When the house was built, the first room off the front entry way was the "living room". I planned to use this as an office. And because I have a fair number of books, I wanted to make it a combination office and library. Since I didn't know what I wanted for books shelves, we left the room empty, but I did ask them to raise the ceiling as high up as they could go. Because of the way the roof was laid out, this meant we could take it up to 10 feet, an extra 2 feet over the normal 8 foot ceiling height.
Now, two years after the house was built, I ordered some built-in bookcases. Preliminary inquiries showed that I couldn't just go to a cabinet maker and say "I want built-in bookcases, floor to ceiling, in my office." I needed an actual plan of exactly what I wanted. So I had spent some time looking at books and movies and designed my own bookcases. Then I took those to several places and asked if they could do it, would do it, and how much it would cost.
I picked Daniel Musselman, working under the name of "Interior Woodworks" on Todd Lane, in Austin, Texas. He did an excellent job! I signed an order on 21 April 1988 and finished the job on 23 June 1988 by installing the bookshelves in the house. These were pre-finished (two coats of polyurethane), solid wood (oak) custom bookcases, costing $4184.00.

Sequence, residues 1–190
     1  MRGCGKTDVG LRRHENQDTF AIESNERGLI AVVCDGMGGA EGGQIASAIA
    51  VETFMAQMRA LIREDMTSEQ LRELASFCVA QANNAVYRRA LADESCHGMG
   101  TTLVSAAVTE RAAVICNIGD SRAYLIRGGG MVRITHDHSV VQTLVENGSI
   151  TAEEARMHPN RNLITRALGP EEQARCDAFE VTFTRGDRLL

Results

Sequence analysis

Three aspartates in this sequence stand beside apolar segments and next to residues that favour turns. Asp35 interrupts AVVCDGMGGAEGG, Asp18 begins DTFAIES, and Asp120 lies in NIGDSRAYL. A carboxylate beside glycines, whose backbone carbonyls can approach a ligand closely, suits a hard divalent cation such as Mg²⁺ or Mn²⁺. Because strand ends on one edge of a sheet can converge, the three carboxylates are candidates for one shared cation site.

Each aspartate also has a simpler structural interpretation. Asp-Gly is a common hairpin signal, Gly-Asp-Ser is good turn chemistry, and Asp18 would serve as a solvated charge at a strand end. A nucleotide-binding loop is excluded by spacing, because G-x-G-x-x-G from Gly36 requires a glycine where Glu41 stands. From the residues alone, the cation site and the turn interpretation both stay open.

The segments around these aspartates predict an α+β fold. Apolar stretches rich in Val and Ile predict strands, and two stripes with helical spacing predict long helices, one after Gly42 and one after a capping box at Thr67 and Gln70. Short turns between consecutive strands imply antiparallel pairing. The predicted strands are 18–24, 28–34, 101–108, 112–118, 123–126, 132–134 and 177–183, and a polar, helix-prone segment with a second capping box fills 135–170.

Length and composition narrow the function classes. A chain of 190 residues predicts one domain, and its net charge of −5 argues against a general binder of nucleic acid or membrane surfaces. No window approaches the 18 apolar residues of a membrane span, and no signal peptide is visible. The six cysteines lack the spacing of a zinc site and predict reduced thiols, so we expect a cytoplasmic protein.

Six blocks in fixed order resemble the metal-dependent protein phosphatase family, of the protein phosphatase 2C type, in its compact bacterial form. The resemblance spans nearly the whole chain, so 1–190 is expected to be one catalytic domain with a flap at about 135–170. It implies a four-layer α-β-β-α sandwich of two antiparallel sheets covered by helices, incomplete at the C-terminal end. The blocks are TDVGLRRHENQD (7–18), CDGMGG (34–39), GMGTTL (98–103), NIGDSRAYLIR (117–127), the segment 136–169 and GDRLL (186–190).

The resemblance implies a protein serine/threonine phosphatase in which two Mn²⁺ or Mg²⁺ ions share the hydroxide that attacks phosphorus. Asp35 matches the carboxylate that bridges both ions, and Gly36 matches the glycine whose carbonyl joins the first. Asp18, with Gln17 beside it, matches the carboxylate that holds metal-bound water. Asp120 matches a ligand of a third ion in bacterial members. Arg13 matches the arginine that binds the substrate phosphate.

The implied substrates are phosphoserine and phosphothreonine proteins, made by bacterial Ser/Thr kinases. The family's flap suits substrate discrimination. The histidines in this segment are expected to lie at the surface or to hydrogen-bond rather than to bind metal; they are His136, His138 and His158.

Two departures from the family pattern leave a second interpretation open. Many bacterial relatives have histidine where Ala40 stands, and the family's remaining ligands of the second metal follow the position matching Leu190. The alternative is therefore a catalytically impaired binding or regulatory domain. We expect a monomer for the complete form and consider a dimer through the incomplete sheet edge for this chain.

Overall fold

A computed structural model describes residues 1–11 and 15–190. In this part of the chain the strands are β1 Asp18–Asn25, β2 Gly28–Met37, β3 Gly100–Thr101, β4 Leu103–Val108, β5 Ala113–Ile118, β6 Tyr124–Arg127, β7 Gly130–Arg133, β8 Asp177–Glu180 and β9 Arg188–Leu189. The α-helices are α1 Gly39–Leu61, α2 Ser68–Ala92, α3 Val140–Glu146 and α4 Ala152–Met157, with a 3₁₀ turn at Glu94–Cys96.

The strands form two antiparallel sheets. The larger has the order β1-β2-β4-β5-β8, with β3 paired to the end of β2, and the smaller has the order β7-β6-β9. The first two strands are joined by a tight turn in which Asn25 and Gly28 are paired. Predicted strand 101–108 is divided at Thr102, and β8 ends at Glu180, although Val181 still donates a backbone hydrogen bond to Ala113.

The shelves stretch across one whole wall, and then extend out on both of the adjoining walls, basically 5 sections 3 feet wide, 15 inches deep, and 10 feet high. (So there must be a 15 inch by 15 inch square of unused space in each of the two corners. The shelves are all adjustable, except for two fixed shelves at 34 inches and 90 inches from the floor (for strength and rigidity). On the left and right sections, the bottom area (below the 34 inch fixed shelf) have cabinet doors. They were made as just frames, and I purchased two pieces of "glue chip" obscured glass from Renaissance Glass, $42.88, to fill the frame, on 1 August 1988.
There are three electrical outlets behind the book shelves, and I cut holes to allow them to still be used. I bought Myrtlewood outlet covers for these three outlets in Oregon (3 for 2.75 each = $8.75). These blend in nicely. (It's sometimes difficult to find the outlets, they blend in so well.)
One issue, of course, is getting to the books on the top shelves. For that we need a ladder. Not just a ladder, but a rolling library ladder! In October, I ordered a custom made "#1 Straight Side Oak Rolling Wood, Track Mounted Ladder with Natural Finish" from the Cotterman Company in Croswell, Michigan. The order was placed on 3 October 1988 and it was shipped on 31 October, with delivery on 16 November 1988. The ladder was $303.50 plus $57.67 in shipping costs.
Once the ladder was delivered, I installed it.
These bookcases fit perfectly with the hardwood (oak) flooring. The only problem, long term, that I have had with them is that I keep filling them up with books! I have thought about extending around the room, but doubt that I could get as good a job as these.